Michelle: It's part of the job and you're managing it. Because I think that's where... A lot of the pushback is, "Oh I don't have time for this. I'm worried I'm going to screw it up and I'm going to say the wrong things and upset everybody," and the general fear. But the time aspect is... Yes, I do. I agree, Caron. I think that people, particularly earlier on, used to think that you have to set aside very specific time to do this, or that you would be completely tied up in knots throughout the entire day. Like you say, being a slave to the notification button. But it's all on your terms, isn't it?

Caron: It is, it is. Maybe this is one thing where us oldies have got a little bit of an advantage over the younger ones that have grown up with this. I remember receiving letters. I remember how fax amended the speed with which people expected you to respond. The telephoning in a work context would expect you to respond immediately. You had this sort of increasing pace, whereas my kids' generation, they've grown up with this. There is that immediacy and that desire and need to continuously respond to what's there.

Caron: I think perhaps one of the challenges that we have as leaders in workplaces, is to ensure that the people that have grown up with social media don't feel like that demand for instant response drives that their day. But rather, that they are in control, that they can manage their time, and that it won't be seen as lacking in customer service or not giving an appropriate response. They do have that greater power that maybe they don't feel because so far, all of their social engagement through media has been in a social space and not a workspace.

Michelle: Yeah. I think that's really interesting to see how... Because if we think about it, it's almost the adoption of social media has been teaching people, "This is what you to do. We have to... There has to be a certain level of responsiveness, otherwise, that upsets people." But now we're moving into the reality of, but managing that responsiveness, isn't it? So that it works for the organization.

Caron: Yeah.

Michelle: Yeah. That's really interesting. What would you say, because I suspect there's a lot of people who are tuned in, who will tune into this Podcast and are thinking, "Oh my goodness, we're nowhere near this," or, "We don't give our people the freedom for this." Or that they themselves aren't involved with it because of the lot of the fears and those aspects, well the time aspects that you've touched on, or they just don't feel it's there place. It's not what they need to be doing. What would advice would you give to somebody who's sitting there thinking, how do I even start with this?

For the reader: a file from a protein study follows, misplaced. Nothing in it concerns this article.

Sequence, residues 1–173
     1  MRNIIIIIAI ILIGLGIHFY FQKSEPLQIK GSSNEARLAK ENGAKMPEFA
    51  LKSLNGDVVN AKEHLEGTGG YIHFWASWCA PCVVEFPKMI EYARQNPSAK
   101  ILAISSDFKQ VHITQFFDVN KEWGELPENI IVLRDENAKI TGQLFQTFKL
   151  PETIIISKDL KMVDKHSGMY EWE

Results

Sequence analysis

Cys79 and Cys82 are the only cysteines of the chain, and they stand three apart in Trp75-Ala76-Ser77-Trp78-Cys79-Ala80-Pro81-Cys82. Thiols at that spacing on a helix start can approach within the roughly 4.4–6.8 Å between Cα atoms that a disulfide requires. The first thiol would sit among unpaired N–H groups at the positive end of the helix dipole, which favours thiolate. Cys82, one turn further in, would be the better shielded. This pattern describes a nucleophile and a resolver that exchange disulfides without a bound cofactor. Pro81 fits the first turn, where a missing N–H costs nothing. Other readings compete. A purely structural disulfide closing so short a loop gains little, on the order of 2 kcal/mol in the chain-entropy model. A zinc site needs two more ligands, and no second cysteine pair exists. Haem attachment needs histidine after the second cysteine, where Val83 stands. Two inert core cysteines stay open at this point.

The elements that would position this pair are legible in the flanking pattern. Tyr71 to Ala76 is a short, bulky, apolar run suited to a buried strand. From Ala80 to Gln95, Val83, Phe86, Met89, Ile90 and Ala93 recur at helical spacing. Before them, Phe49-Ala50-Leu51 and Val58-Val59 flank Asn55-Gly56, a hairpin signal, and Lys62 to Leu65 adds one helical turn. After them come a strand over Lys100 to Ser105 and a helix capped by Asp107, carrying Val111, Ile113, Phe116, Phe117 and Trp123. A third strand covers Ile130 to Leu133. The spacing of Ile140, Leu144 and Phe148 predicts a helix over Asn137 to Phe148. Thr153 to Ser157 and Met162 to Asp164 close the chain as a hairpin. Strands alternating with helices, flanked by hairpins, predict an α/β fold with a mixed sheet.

Caron: Hmm. Well, I think the, how do I even start with it? is best answered by just getting on and doing. Setting up a Twitter account and a LinkedIn account, but not necessarily doing all of it. You don't have to suddenly appear on all platforms, just pick one and try it.

Caron: It is about, what is the use that you are trying to make of it? Is this something about you getting your personal brand out? Or is this about extending your personal brand into a different area? For example, LinkedIn I think is very much more about me as an individual, although I do use a lot of the posting of events and getting involved in conversations in a positive way. But actually, it started as being effectively, "Here is who I am and here are the connections that I have," and it was very useful for us to be able to reach out to individuals who might want to speak for us for example, who I don't have connections with in other ways.

Caron: Whereas Twitter is much more, I think, a more of a light touch and probably would be my starting point if I was saying to and organization, "How do you engage with social media for the first time?" That probably would be a good a starting point as any to set up an organizational ID, but also to set up an ID that is very personal. So the CEO, or the Fundraising Director or whoever. To start small and slow but regular. Don't wash it with a load of broadcasting and then disappear for months. It's far better to pop up once a day or a couple of times a week and to do that regularly with low volume, than it is to flood it and disappear again.

Michelle: Yeah. Do you get support, Caron, with anything that you're doing? Does your team help you or is it all you? Because I mentioned this and I talk about this a lot in Get Social. About when it's an agency or it's the comms team tweeting on behalf of the leader or the CEO, sometimes that's very apparent. Just doesn't come across as authentic. But of course, the CEO's got a job, a big job. Whilst this is, in my view, a means of communicating in a connected way, for those not doing it, this is another thing, isn't it? Do you get support? Does anybody help you, or is it purely you?